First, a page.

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Fractionated stereotactic radiosurgery for malignant gliomas: comparison with single session stereotactic radiosurgery

  • Seung Won Choi
  • Kyung Rae Cho
  • Jung Won Choi
  • Doo-Sik Kong
  • Ho Jun Seol
  • Do-Hyun Nam
  • Jung-Il LeeEmail author
Clinical Study

Abstract

Purpose

Stereotactic radiosurgery (SRS) is feasible for malignant glioma; however, delivering the optimal radiation dose with sufficient large-volume coverage is a major concern. We aimed to investigate the clinical efficacy and safety of fractionated SRS (fSRS) versus single-session SRS (sSRS) for malignant gliomas.

Methods

We retrospectively reviewed 58 malignant glioma patients who underwent gamma knife SRS from January 2015 to December 2018. Forty-one underwent sSRS, and 17 underwent fSRS. Median dose for fSRS was 28 Gy (range 24–35 Gy), with a median dose of 6 Gy per fraction (range 5–7 Gy). Patients received 4 or 5 fractions on consecutive days. Median dose for sSRS was 18 Gy (range 11–25 Gy), with a median isodose of 50% (range 50–65%). Mean target volumes were 5.9 and 19.3 cc for sSRS and fSRS, respectively (p < 0.001, two-sided t test).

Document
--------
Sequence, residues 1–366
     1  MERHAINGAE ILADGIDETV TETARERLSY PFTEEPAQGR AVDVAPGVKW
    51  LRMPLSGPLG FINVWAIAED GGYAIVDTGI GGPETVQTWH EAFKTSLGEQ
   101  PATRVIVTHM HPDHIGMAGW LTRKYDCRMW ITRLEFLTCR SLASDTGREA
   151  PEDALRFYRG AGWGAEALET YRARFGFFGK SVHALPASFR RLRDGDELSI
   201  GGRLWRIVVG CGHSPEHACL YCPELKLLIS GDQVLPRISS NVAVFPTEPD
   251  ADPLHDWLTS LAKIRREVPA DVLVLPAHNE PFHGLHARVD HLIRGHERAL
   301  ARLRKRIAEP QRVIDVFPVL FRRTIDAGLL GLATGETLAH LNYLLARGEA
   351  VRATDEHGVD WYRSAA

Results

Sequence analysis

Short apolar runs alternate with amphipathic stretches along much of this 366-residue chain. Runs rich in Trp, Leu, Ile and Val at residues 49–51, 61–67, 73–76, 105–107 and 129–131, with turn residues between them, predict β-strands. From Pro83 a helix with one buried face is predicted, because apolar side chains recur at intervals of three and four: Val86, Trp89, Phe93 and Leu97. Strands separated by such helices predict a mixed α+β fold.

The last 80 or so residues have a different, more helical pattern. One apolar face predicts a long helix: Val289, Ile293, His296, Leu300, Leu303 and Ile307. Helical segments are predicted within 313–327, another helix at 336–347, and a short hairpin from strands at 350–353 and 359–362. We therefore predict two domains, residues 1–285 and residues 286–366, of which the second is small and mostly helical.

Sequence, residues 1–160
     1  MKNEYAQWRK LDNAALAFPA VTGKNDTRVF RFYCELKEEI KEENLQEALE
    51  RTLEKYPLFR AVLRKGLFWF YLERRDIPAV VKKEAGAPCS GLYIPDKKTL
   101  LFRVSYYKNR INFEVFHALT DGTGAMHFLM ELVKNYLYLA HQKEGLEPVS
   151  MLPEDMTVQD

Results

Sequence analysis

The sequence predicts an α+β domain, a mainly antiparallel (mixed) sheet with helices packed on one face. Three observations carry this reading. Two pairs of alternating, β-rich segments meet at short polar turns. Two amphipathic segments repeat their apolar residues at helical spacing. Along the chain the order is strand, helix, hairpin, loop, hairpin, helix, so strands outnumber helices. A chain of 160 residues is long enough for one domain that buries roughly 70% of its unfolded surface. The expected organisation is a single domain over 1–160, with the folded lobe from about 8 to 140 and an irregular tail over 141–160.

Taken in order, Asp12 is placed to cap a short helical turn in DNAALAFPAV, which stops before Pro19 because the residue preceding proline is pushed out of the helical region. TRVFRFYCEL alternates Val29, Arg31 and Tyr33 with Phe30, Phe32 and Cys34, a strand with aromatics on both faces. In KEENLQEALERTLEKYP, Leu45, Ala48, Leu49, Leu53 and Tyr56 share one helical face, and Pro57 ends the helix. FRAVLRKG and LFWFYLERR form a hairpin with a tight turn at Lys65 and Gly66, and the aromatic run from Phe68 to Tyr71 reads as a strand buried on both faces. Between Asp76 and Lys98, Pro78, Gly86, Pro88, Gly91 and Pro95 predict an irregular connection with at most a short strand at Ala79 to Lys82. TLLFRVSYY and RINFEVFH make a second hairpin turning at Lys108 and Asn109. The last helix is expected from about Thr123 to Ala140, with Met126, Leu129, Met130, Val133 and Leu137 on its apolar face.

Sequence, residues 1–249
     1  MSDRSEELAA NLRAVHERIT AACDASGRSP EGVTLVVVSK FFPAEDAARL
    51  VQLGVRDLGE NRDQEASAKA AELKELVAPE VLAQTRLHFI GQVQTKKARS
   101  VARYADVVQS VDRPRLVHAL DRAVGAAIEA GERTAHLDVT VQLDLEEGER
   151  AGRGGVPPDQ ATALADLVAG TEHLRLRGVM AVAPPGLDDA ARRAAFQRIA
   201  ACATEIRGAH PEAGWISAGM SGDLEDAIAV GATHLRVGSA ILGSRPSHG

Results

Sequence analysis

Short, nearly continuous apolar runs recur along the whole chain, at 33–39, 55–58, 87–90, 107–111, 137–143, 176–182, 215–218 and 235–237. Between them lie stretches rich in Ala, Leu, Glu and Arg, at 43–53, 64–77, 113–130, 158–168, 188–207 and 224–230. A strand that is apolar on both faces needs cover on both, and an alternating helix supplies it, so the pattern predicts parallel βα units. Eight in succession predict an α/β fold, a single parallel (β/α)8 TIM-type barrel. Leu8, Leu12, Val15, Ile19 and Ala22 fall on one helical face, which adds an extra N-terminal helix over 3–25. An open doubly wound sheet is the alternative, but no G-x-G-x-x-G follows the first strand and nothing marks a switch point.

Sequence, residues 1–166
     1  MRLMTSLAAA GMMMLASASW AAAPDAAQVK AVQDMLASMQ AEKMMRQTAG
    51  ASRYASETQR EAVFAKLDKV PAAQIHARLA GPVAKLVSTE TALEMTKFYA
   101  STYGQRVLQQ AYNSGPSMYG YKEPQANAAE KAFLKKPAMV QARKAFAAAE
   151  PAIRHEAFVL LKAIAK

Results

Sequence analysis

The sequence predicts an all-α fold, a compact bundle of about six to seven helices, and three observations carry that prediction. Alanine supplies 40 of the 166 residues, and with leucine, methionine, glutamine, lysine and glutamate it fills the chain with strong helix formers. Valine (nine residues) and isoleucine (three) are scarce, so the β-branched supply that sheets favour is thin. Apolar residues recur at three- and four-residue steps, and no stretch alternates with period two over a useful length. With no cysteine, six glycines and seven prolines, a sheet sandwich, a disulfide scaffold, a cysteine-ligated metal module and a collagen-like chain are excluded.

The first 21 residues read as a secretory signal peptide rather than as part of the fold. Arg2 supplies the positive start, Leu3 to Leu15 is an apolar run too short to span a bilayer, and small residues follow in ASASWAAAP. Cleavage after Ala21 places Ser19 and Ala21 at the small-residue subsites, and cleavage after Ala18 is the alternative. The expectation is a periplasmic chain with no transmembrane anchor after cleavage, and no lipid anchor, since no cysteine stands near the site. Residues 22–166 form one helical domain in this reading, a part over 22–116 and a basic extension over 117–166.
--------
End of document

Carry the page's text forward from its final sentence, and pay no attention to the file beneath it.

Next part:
Results

After SRS, median progression-free survival (PFS) was 4.5 and 4.6 months (p = 0.58), and median overall survival (OS) was 12.7 and 12.6 months for sSRS and fSRS (p = 0.41), respectively (log-rank test). The incidence of clinically significant radiation necrosis was 20.5% (8/39) and 18.8% (3/16) for sSRS and fSRS, respectively (p = 1, Fisher’s exact test).

Conclusion

fSRS for malignant glioma conferred local control and survival comparable with conventional sSRS. The radiation necrosis incidence was comparable between groups when a parallel biological effective dose was administered to the larger target volumes in the fSRS group. fSRS can be a better alternative to sSRS if re-irradiation is considered for large malignant gliomas.

Keywords

Stereotactic radiosurgery Fractionated stereotactic radiosurgery High-grade glioma 

Notes

Funding

None.

Compliance with ethical standards

Conflict of interest

The authors declare no potential conflict of interest.

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Copyright information

© Springer Science+Business Media, LLC, part of Springer Nature 2019

Authors and Affiliations

  1. 1.Department of NeurosurgerySungkyunkwan University School of Medicine, Samsung Medical CenterSeoulRepublic of Korea

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